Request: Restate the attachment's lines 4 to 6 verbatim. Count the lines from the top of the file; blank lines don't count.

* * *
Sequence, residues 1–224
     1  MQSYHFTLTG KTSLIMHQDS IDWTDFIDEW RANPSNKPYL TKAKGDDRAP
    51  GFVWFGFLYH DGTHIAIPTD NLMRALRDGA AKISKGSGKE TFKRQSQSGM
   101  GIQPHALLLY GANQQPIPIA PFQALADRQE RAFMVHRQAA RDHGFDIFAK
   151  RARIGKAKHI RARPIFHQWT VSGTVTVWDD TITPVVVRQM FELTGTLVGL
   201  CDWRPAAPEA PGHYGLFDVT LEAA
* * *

   101  GIQPHALLLY GANQQPIPIA PFQALADRQE RAFMVHRQAA RDHGFDIFAK
   151  RARIGKAKHI RARPIFHQWT VSGTVTVWDD TITPVVVRQM FELTGTLVGL
   201  CDWRPAAPEA PGHYGLFDVT LEAA